Friday, September 17, 2021

Social Security checks may see a big increase next year. It will be enough?

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Plus, members of Congress have proposed changes to how the COLA is calculated, which could result in even larger Social Security checks for 55 million retirees, their dependents and survivors. The ongoing spike in inflation that has Americans paying more for gas, food, cars and many other things could lead to the biggest Social Security boost in almost 40 years when officials announce the cost of living adjustment, or COLA, for 2022.

The 2022 COLA could be biggest since 1983

But inflation already has led to tremendous hikes in some living costs for U.S. seniors, who have had to scramble to find ways to save money, according to advocacy group The Senior Citizens League. So, even a major increase may not be enough.

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Social Security’s 2021 cost of living adjustment, which began affecting payments in January, was 1.3%. This year’s inflation has already devoured the increase.

The consumer price index, the primary indicator of inflation in America, shows it hit an annual rate of 5.4% in June — a 13-year high. A New York Federal Reserve survey found consumers expect average inflation of 4.8% for the remainder of 2021.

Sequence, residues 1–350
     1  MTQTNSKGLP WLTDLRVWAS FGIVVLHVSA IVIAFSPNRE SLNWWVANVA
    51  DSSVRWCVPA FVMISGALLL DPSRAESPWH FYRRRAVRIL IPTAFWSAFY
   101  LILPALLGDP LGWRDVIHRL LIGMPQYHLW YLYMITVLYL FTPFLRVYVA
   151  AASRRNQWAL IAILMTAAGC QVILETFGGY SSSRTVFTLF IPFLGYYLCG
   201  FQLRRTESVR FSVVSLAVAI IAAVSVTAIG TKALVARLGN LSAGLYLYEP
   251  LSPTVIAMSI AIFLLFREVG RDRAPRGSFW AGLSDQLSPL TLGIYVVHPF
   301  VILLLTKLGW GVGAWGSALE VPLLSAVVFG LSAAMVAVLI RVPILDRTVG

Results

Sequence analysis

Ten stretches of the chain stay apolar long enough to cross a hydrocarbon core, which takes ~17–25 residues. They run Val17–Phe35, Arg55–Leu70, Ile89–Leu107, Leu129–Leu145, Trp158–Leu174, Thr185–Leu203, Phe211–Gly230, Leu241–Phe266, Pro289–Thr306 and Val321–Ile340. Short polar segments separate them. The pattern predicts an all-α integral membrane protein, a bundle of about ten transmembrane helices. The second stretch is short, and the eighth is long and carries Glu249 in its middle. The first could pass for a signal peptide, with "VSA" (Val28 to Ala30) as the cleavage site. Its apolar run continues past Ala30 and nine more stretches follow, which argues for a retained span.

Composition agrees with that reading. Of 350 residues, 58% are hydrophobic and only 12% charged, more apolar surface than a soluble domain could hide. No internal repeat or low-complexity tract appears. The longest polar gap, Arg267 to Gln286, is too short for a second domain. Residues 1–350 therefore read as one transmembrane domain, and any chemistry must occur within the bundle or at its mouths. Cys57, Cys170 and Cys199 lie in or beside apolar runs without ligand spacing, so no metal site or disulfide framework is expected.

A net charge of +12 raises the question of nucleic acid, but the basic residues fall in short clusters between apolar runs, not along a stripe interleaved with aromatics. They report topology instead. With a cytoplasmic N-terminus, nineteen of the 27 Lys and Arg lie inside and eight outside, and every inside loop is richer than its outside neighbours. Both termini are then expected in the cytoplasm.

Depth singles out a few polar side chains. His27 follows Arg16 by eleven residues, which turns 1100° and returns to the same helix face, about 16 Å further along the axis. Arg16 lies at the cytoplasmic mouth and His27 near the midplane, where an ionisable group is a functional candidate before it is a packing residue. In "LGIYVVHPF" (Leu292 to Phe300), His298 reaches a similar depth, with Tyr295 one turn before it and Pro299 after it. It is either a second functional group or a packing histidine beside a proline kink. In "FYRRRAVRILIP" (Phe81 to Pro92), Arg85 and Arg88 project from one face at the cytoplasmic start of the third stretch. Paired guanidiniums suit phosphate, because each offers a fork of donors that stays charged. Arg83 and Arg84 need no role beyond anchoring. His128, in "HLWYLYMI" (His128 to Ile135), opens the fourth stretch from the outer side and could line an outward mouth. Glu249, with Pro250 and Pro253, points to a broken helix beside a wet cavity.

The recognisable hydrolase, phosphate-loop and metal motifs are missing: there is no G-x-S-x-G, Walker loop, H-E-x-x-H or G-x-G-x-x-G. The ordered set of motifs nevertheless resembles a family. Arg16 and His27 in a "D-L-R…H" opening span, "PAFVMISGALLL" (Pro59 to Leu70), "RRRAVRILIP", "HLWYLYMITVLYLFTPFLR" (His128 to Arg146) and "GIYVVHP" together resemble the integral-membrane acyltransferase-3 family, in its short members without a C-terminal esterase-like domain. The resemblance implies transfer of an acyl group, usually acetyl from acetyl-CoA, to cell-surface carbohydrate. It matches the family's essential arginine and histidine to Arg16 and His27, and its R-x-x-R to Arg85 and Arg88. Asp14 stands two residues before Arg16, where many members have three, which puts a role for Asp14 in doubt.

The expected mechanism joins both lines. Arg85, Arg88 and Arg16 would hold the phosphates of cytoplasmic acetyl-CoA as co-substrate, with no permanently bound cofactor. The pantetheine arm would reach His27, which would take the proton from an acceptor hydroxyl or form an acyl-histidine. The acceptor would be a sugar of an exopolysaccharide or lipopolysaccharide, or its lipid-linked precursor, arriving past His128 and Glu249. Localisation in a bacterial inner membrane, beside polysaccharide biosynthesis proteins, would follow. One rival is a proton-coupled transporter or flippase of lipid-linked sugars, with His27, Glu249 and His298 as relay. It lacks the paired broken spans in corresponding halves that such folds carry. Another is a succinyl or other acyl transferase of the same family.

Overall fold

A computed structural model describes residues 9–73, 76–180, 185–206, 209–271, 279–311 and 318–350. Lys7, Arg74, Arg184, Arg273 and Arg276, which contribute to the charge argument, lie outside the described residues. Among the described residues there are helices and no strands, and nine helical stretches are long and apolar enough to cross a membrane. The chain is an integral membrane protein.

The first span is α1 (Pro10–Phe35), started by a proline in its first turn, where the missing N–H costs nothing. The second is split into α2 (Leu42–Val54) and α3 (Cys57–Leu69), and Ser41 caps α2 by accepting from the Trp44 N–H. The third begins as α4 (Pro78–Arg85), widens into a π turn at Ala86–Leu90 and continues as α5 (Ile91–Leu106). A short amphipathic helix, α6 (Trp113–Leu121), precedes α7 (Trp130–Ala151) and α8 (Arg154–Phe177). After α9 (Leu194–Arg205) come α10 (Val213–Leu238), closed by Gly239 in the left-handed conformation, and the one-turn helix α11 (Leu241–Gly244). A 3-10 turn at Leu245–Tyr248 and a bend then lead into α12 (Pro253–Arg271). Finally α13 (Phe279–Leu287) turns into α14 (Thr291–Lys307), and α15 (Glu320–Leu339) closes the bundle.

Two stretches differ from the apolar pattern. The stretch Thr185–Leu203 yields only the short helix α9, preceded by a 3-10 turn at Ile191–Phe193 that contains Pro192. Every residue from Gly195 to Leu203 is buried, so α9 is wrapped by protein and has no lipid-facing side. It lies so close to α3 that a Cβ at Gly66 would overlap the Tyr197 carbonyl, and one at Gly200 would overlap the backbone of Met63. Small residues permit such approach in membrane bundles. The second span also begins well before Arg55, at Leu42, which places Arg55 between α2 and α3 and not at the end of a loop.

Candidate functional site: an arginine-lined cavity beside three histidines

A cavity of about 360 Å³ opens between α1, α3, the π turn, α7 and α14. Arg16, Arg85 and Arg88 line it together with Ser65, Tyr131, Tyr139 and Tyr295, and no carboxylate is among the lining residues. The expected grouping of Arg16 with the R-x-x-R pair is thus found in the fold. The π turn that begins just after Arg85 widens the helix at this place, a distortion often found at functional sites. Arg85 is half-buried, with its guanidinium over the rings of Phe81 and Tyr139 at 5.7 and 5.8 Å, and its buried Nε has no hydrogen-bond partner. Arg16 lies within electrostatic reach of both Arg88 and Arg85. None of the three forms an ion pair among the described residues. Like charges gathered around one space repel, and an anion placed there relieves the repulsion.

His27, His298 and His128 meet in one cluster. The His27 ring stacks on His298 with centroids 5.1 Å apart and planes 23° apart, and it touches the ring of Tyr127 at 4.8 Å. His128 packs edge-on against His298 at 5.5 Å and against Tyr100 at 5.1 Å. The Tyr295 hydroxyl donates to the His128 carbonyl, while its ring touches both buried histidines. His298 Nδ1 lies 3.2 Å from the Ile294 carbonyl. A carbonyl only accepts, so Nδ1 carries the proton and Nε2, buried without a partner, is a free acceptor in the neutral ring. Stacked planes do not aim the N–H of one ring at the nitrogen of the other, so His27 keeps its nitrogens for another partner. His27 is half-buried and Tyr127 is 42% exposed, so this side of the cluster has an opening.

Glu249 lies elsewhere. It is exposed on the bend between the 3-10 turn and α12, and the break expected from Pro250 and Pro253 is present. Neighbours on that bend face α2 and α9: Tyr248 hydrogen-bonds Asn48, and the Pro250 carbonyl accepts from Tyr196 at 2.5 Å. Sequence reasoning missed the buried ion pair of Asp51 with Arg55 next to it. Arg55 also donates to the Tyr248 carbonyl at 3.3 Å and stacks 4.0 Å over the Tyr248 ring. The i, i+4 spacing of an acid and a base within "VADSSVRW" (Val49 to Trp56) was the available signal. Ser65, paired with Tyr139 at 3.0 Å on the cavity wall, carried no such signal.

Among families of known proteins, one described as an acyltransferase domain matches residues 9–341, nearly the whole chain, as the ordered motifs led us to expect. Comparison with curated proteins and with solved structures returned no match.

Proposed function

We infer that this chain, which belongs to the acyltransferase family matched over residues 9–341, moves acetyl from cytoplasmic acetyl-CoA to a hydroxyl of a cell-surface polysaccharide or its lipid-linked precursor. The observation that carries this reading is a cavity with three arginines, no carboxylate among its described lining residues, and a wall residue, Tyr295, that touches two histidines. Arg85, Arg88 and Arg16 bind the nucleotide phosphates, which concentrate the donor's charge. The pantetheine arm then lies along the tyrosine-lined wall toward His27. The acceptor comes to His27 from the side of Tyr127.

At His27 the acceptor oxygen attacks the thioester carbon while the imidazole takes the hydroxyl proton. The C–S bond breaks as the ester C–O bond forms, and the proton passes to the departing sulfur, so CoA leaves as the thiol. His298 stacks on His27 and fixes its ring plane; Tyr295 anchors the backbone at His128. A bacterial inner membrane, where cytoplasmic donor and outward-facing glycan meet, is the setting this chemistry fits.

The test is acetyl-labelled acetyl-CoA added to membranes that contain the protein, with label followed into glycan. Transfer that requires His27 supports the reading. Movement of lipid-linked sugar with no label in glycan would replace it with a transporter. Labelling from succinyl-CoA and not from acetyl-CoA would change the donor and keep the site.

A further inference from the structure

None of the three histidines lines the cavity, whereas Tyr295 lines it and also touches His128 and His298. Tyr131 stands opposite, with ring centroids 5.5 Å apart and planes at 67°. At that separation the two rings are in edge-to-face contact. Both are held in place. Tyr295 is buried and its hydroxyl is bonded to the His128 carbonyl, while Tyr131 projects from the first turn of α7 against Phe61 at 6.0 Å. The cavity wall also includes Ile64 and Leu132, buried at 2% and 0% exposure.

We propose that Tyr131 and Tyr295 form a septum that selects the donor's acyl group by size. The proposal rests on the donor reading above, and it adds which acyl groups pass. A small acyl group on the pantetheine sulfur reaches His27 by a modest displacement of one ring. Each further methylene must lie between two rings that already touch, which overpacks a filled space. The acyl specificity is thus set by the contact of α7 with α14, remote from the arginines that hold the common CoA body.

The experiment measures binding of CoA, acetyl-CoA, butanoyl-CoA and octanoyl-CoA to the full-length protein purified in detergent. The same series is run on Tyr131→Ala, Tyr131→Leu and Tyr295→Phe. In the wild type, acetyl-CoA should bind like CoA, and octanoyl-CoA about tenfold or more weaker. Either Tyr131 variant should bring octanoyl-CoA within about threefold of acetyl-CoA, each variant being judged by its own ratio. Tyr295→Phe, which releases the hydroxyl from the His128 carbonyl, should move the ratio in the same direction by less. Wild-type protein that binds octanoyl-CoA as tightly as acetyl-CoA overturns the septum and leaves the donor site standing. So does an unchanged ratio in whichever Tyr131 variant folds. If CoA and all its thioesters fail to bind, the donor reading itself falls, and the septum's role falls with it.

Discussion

Based on this year’s price hikes, The Senior Citizens League is projecting that Social Security benefits could be boosted by 6.1% for 2022. If that happens, it would be the biggest raise since 1983. The Social Security Administration will announce next year’s COLA during the fall.

“Higher income could lead to trims in food stamps, rental assistance or Medicare Extra Help, which covers most prescription drug costs,” Johnson tells MoneyWise.

A generous increase could be bittersweet for some beneficiaries. Mary Johnson, Social Security and Medicare policy analyst at The Senior Citizens League, says some Social Security recipients could see cuts in other benefits because of their larger checks.

Rethinking the way the COLA is calculated

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Advocates have been arguing for years that Social Security COLAs shortchange seniors because they don’t accurately reflect the prices older Americans pay. A bill that would alter the way the raises are calculated has been reintroduced in the House of Representatives.

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If passed, the Fair COLA for Seniors Act of 2021 would base the annual adjustment on a “consumer price index for the elderly.”

It would reflect the costs of items typically purchased by people ages 62 and up, and it could result in higher Social Security payments.

Between 2016 and 2021, increases in overall consumer prices averaged 1.3%. The theoretical price index calculated by The Senior Citizens League would have seen average 1.71% growth over the same period.

Research by The Senior Citizens League shows that focusing on prices paid by the elderly would have led to a larger COLA every year since 2016. But the differences might not have been significant.

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Advocates want a sweeter COLA

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